President Trump has been criticizing Attorney General Jeff Sessions in recent days for not investigating Hillary Clinton over her emails and her family foundation’s activities. But those comments, which are widely seen as Trump’s pretense for potentially firing Sessions, are a reversal of the president’s view about Clinton just after the election.
“I don’t want to hurt the Clintons, I really don’t,” Trump said in a Nov. 22 interview with The New York Times. “She went through a lot and suffered greatly in many different ways, and I am not looking to hurt them at all. The campaign was vicious.”
That comment itself was a reversal from Trump’s rhetoric on the campaign trail, where chants of “Lock Her Up!” were a common theme at Trump campaign rallies.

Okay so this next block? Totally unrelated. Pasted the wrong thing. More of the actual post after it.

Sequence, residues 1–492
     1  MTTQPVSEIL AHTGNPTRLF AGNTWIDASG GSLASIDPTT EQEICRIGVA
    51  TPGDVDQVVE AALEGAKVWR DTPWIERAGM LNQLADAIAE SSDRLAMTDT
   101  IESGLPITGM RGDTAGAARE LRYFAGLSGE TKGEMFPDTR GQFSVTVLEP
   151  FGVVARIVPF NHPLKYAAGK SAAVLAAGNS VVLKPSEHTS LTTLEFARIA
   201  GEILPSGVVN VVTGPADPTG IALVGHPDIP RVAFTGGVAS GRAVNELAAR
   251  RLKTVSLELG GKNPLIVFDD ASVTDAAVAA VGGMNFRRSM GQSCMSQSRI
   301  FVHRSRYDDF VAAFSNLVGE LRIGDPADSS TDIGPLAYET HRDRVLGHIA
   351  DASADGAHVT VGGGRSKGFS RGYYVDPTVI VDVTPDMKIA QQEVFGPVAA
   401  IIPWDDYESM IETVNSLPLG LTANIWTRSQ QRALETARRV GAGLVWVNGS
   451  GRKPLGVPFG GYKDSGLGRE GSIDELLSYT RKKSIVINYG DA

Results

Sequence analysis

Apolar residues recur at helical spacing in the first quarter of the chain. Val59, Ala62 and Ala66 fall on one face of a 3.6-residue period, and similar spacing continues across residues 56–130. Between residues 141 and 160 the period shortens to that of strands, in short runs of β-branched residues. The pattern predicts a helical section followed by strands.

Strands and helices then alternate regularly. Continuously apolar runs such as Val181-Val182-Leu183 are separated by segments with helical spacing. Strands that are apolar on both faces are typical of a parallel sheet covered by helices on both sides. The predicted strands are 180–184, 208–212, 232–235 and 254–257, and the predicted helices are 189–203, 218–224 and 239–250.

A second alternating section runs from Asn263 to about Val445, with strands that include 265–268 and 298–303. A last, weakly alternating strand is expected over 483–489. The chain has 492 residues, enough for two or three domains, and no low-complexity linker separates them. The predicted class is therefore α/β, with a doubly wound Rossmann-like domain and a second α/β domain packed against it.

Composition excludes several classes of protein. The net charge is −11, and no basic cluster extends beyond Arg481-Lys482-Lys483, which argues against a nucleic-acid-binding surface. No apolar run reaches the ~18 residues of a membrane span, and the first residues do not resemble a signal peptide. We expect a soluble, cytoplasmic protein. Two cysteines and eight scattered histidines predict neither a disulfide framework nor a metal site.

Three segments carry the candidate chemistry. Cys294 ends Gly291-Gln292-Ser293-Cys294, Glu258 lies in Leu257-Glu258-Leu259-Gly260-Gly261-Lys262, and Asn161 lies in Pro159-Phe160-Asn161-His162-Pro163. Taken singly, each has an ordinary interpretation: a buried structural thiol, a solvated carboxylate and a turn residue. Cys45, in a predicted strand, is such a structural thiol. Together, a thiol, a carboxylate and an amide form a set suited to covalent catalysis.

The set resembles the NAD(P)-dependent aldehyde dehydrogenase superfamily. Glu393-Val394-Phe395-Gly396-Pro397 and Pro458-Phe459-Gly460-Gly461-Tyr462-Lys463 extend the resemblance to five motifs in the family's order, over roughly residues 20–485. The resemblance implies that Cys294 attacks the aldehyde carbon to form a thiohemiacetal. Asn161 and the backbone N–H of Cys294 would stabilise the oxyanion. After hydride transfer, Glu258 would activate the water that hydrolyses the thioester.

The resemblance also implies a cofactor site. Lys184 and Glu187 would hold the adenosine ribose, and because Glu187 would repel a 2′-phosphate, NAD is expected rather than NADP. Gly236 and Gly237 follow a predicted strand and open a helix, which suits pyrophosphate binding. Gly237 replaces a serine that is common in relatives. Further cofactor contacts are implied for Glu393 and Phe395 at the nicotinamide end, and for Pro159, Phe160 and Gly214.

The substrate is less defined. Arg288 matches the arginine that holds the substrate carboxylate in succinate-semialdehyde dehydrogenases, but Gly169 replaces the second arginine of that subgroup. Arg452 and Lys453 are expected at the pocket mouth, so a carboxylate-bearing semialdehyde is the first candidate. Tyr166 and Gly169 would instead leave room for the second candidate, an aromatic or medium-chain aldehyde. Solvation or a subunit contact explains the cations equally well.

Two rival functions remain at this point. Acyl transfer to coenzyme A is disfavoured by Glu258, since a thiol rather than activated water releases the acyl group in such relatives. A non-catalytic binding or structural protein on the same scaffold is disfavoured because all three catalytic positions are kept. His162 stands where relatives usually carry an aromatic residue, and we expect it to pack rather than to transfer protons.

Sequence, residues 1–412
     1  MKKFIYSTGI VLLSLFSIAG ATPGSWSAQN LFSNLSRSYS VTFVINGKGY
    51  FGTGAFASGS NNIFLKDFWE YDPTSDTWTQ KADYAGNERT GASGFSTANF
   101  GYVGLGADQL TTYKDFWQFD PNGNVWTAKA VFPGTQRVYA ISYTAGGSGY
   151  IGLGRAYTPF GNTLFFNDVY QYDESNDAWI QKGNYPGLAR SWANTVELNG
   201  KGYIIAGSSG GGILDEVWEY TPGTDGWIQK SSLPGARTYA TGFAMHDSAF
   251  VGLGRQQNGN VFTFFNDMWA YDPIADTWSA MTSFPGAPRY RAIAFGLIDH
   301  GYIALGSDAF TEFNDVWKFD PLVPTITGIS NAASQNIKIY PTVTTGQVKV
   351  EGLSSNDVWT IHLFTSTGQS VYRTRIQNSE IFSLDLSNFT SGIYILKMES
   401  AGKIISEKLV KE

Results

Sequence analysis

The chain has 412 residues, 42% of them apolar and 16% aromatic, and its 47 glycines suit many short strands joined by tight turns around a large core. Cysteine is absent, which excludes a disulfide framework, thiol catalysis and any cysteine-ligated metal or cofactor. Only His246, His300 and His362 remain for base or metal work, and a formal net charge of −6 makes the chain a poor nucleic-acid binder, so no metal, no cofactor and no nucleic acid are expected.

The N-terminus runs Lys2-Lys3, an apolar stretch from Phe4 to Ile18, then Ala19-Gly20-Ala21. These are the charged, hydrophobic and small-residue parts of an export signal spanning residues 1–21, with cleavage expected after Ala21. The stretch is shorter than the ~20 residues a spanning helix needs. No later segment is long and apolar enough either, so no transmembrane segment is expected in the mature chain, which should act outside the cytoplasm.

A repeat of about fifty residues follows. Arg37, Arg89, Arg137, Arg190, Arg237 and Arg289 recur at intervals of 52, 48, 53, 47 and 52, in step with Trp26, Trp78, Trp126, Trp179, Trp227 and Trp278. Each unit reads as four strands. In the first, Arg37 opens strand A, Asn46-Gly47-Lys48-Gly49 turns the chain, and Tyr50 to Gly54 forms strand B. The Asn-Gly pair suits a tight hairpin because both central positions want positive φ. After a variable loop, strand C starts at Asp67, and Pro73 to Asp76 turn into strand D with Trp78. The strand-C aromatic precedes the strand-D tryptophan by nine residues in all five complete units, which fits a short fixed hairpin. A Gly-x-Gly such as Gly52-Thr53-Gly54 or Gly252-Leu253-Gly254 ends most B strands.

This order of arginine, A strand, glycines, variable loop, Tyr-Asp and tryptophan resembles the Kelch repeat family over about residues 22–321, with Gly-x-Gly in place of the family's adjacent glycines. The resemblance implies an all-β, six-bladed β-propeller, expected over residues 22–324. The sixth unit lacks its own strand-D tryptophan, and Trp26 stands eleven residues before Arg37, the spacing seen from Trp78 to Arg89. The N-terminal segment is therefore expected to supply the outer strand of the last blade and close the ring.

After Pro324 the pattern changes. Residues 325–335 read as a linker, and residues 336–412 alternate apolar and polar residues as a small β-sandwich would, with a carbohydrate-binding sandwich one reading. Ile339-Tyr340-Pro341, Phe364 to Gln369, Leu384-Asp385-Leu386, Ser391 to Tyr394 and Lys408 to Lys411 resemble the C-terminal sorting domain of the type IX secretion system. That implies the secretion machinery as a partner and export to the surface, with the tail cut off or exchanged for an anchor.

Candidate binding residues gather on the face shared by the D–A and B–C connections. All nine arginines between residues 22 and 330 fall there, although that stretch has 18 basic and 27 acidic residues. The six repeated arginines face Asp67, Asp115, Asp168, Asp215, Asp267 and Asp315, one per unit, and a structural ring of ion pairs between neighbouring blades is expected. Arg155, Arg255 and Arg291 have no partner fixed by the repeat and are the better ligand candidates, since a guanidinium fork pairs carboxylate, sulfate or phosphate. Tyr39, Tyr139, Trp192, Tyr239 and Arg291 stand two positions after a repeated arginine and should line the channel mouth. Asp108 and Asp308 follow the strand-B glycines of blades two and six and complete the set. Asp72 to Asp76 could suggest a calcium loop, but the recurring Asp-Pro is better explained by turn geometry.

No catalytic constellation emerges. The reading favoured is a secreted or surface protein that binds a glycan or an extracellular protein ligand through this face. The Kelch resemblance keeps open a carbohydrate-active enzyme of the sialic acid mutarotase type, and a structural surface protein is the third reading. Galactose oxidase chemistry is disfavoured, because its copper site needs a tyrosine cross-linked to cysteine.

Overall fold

“If I win, I am going to instruct my attorney general to get a special prosecutor to look into your situation, because there’s never been so many lies, so much deception,” Trump said in the second presidential debate with Clinton.
Clinton’s alleged criminality has come full circle for Trump as he has grown increasingly frustrated with Sessions for recusing himself from any investigation of potential collusion between the Trump campaign and Russian government. Sessions’ decision, made in March, paved the way for the appointment of Special Counsel Robert Mueller.
On Monday, Trump took to Twitter to attack the “beleaguered” Sessions for not looking into “Crooked Hillary’s crimes.” On Tuesday, the former real estate mogul asserted that Sessions had taken “a VERY weak position” on Clinton.
In addition to deciding to recuse himself from the Trump-Russia probe, Sessions also pledged before his confirmation to recuse himself from any additional investigations into Clinton.
Sessions said in his confirmation hearing that because of his politically charged comments about Clinton during the campaign, “I do believe that that could place my objectivity in question.”
“I believe the proper thing for me to do would be for me to recuse myself.”